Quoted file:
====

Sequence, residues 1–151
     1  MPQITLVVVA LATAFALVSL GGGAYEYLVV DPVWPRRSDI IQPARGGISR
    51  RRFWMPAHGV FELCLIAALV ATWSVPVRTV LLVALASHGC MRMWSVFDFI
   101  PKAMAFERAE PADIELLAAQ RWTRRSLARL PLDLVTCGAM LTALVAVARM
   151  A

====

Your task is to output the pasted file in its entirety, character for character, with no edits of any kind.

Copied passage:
Sequence, residues 1–151
     1  MPQITLVVVA LATAFALVSL GGGAYEYLVV DPVWPRRSDI IQPARGGISR
    51  RRFWMPAHGV FELCLIAALV ATWSVPVRTV LLVALASHGC MRMWSVFDFI
   101  PKAMAFERAE PADIELLAAQ RWTRRSLARL PLDLVTCGAM LTALVAVARM
   151  A